Victor J. Nesi was named to the Office of the President in June 2014. Mr. Nesi has served as Director of Investment Banking and Co-Director of our Institutional Group since July 2009. Mr. Nesi has served as Director of our company since August 2009. Mr. Nesi has responsibility for corporate finance investment banking activities and is Co-Director of our Capital Markets segment. Mr. Nesi has more than 20 years of banking and private equity experience, most recently with Merrill Lynch, where he headed the global private equity business for the telecommunications and media industry. From 2005 to 2007, he directed Merrill Lynch’s investment banking group for the Americas region. Prior to joining Merrill Lynch in 1996, Mr. Nesi spent seven years as an investment banker at Salomon Brothers and Goldman Sachs.

Ben A. Plotkin has been Vice Chairman, Senior Vice President, and Director of our company since August 2007 and Executive Vice President of Stifel since February 2007. Mr. Plotkin also served as Chairman and Chief Executive Officer of Ryan Beck & Company, Inc. from 1997 until its acquisition by our company in 2007. Mr. Plotkin was elected Executive Vice President of Ryan Beck in 1990. Mr. Plotkin became a Senior Vice President of Ryan Beck in 1989 and was appointed First Vice President of Ryan Beck in December of 1987. Mr. Plotkin joined Ryan Beck in May of 1987 as a Director and Vice President in the Investment Banking Division.

David M. Minnick has served as Senior Vice President and General Counsel of our company and Stifel since October 2004. Prior thereto, Mr. Minnick served as Vice President and Counsel for A.G. Edwards & Sons, Inc. from August 2002 through October 2004, Senior Regional Attorney for NASD Regulation, Inc. from November 2000 through July 2002, as an attorney in private law practice from September 1998 through November 2000, and as General Counsel and Managing Director of Morgan Keegan & Company, Inc. from October 1990 through August 1998.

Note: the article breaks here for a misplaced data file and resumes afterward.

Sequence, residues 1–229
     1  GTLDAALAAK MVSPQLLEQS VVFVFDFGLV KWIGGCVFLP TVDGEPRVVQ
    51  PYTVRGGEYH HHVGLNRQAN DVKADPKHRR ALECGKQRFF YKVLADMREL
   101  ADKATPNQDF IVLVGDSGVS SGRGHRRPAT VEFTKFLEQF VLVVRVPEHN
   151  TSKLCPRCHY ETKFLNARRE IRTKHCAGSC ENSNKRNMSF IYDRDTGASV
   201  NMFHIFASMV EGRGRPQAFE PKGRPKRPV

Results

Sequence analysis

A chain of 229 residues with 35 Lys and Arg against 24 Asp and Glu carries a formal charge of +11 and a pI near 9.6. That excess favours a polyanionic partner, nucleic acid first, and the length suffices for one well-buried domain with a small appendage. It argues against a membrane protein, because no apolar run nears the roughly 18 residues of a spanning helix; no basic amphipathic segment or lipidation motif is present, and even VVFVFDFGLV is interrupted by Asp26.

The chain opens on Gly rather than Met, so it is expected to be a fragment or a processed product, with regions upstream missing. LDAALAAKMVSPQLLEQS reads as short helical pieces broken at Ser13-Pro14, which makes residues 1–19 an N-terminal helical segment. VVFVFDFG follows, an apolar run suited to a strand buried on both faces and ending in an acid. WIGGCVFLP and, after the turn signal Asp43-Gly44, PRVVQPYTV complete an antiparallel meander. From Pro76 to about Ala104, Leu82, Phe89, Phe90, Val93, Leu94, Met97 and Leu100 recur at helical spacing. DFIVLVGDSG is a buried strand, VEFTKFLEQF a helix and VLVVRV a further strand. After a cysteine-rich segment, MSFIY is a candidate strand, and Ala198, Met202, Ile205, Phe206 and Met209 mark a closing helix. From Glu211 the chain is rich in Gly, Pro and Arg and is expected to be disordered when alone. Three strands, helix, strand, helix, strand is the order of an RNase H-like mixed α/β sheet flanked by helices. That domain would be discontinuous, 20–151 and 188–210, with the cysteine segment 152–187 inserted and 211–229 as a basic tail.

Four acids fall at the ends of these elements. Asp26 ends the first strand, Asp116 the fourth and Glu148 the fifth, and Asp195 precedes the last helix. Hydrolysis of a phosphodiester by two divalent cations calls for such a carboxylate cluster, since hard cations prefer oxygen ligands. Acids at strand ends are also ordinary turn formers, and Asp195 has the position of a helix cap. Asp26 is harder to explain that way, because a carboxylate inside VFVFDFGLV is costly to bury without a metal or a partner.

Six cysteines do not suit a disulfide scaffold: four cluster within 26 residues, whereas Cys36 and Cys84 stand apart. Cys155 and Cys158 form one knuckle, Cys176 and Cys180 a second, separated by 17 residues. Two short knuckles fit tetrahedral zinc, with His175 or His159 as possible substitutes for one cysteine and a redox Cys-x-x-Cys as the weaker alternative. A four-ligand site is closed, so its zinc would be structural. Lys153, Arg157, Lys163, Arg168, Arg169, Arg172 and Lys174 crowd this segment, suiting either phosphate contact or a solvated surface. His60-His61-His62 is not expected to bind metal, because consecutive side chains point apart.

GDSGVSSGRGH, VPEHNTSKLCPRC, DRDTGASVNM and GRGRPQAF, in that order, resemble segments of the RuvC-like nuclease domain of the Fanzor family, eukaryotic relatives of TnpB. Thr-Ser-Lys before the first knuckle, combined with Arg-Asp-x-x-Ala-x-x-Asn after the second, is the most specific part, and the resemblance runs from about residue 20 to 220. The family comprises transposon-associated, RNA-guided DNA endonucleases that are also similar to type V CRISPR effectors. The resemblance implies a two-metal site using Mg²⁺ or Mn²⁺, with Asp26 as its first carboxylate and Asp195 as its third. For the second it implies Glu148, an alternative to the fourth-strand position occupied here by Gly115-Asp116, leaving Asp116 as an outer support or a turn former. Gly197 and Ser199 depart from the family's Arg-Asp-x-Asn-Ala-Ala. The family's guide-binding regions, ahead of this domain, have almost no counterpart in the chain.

Mark P. Fisher has served as Senior Vice President and General Counsel since May 2014. From July 2010 until May 2014, Mr. Fisher was Senior Vice President of our company. Mr. Fisher served as General Counsel of Thomas Weisel Partners Group, Inc. from May 2005 until the merger between our company and Thomas Weisel Partners Group, Inc. in July 2010. From January 1998 until May 2005, Mr. Fisher practiced corporate and securities law at Sullivan & Cromwell LLP.

S. Chad Estep was named Senior Vice President of our company in January 2012. Mr. Estep has been Chief Compliance Officer of Stifel since December 2005. Mr. Estep joined Stifel as the Director of Internal Audit in April 2005 following our company’s acquisition of certain assets from PowellJohnson, Inc., where Mr. Estep served as the Controller from October 2002 to December 2004. Mr. Estep was employed by A.G. Edwards & Sons, Inc. from 2000 to 2001, where he worked as a Financial Advisor. Mr. Estep worked at J.C. Bradford & Co. as the Financial and Regulatory Reporting Manager from 1998 to 2000.

James M. Marischen has served as Senior Vice President and Chief Risk Officer of our company since January 2014. Mr. Marischen has also served as Executive Vice President and Chief Financial Officer of Stifel Bank & Trust since February 2008. Prior to joining our company in 2008, Mr. Marischen worked in public accounting at KPMG LLP.

David D. Sliney has been a Senior Vice President of our company since May 2003. In 1997, Mr. Sliney began a Strategic Planning and Finance role with Stifel and has served as a Director of Stifel since May 2003. Mr. Sliney is also responsible for our company’s Operations and Technology departments. Mr. Sliney joined Stifel in 1992, and between 1992 and 1995, Mr. Sliney worked as a fixed income trader and later assumed responsibility for the firm’s Equity Syndicate Department.